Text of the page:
In the meantime, I was able to get notes on sessions at the Conference on Technology and Innovation (hosted by San Francisco Mayor Lee and MC Hammer). A recurring theme throughout the conference was simple: With increasing technological advances, communities need to make efforts for internet access for poorer populations (for job applications in particular. And, communities should utilize technology for outreach to their citizens — Social media, but also transit updates, community events, bike and car share opportunities and much more, like Yelp and health code information and public health statistics.)*

In the Council on Metro Economics and the New American City, mayors discussed the 2013 job and economic growth projections and learned that 25% of Americans made a weekly trip to Wal-Mart (the need for personal savings in a difficult economy), 10% of Americans will NOT be college-bound and will seek out alternative opportunities to make a living, through internships and apprenticeships. There will be an increasing need for more supervision and regulation over housing lending and more need for funding education.*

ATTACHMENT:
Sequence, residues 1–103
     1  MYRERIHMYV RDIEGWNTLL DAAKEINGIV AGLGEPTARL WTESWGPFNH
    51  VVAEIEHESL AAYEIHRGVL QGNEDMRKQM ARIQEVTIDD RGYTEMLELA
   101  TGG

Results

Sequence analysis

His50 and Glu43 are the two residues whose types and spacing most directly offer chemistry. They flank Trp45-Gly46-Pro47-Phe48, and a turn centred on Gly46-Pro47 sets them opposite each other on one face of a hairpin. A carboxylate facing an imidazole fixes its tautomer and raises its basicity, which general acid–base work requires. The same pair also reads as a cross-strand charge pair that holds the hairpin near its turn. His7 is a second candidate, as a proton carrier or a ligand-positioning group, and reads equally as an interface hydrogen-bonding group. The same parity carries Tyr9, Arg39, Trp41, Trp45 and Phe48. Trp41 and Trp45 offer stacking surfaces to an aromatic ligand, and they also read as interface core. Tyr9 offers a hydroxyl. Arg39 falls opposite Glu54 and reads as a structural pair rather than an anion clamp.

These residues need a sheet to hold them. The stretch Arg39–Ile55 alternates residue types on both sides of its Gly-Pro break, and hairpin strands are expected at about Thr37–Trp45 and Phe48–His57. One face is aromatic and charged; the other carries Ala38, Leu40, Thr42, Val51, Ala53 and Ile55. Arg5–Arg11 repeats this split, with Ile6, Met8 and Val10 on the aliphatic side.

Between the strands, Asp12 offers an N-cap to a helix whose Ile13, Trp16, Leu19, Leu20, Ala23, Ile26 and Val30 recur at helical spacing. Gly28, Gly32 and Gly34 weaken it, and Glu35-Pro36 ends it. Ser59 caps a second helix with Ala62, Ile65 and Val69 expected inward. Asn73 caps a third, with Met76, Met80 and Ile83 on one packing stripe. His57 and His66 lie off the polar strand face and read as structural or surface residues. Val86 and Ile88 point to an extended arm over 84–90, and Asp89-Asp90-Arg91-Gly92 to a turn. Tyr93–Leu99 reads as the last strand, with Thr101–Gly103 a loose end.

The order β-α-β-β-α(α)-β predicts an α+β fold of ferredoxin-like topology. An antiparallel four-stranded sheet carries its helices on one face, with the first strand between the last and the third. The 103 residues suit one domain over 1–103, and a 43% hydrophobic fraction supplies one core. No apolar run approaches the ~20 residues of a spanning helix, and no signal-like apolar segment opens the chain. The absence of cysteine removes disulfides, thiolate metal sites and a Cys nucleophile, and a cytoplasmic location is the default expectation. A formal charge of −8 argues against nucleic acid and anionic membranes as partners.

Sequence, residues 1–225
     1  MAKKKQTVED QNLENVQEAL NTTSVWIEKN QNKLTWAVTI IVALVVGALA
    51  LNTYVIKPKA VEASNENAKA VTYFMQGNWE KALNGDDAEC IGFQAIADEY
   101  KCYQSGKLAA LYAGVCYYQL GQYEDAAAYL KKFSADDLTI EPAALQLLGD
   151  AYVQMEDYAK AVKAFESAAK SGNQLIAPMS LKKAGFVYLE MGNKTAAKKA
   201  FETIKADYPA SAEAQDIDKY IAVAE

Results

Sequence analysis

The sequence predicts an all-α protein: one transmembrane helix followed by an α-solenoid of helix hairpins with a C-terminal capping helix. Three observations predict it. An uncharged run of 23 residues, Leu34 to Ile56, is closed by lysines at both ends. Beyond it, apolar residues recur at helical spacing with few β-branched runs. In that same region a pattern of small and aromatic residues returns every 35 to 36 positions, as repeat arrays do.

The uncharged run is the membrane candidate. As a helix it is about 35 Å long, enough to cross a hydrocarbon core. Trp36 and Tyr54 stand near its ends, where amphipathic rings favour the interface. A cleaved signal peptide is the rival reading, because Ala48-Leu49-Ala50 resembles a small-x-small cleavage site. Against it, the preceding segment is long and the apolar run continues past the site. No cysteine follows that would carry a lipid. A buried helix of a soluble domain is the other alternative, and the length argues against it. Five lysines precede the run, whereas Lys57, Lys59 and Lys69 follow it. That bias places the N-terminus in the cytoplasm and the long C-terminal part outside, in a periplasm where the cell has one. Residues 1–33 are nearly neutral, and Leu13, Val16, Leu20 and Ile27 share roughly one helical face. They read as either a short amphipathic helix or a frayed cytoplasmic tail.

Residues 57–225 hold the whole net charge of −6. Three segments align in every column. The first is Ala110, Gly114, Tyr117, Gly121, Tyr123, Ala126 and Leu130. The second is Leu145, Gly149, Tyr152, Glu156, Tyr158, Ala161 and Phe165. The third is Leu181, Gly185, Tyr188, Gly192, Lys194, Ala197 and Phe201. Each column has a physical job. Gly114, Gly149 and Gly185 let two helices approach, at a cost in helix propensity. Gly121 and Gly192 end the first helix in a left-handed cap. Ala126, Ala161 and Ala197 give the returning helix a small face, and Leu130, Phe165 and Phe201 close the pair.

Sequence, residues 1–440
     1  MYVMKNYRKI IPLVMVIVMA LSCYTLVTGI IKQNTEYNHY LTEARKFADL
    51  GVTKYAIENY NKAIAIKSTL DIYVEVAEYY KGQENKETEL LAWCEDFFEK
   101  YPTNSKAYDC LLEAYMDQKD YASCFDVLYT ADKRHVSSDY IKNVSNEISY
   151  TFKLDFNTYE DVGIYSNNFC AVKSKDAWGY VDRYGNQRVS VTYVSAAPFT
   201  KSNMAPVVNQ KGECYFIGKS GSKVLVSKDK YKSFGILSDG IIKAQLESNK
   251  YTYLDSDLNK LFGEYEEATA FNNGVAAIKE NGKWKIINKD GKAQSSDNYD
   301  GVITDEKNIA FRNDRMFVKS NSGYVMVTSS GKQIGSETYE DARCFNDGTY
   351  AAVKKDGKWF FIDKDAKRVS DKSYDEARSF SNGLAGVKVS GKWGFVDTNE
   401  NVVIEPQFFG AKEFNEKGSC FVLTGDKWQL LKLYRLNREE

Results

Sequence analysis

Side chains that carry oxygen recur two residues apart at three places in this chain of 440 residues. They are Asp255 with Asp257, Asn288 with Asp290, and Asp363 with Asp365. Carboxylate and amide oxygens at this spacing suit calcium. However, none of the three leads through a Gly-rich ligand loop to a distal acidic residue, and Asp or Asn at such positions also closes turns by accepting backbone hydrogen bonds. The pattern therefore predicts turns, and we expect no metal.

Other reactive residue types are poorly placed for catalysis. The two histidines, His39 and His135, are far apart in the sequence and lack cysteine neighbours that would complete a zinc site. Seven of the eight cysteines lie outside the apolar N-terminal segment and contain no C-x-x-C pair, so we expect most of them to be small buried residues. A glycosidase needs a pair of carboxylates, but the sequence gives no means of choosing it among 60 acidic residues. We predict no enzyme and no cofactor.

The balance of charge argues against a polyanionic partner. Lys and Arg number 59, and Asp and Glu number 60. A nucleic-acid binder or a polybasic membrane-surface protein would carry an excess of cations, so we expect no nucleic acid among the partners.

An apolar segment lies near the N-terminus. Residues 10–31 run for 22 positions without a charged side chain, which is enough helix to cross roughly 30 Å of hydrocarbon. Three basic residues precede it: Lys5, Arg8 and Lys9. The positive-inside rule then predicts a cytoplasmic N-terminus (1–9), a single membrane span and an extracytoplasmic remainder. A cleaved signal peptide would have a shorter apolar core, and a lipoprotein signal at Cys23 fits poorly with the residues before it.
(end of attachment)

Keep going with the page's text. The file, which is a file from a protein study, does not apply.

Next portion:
Vice President Biden was the guest speaker at the luncheon and spoke about the need to strike a balance between gun control and the Second Amendment. Gun control, in fact, was the unofficial theme of the Conference, as would be expected in D.C. at this time.

I had the opportunity to be interviewed for a video to be shown to Asian manufacturers on Huntersville’s behalf, inviting them to visit (and relocate to) Huntersville.

I participated in a Women Mayors session (way too few of us!) — and that ended my first day.

Friday began with a breakfast honoring the value of the arts in communities, and as mayors of larger cities discussed the value of arts not only for their citizens, but as a boost for education AND economic development, I couldn’t help but think of the progressive thinking of Huntersville’s investment in the ASC’s Cultural Plan and the value we put on our relationships with Discovery Place Kids, Rural Hill, Latta Plantation, Carolina Raptor Center, Hugh Torance House and Store and others.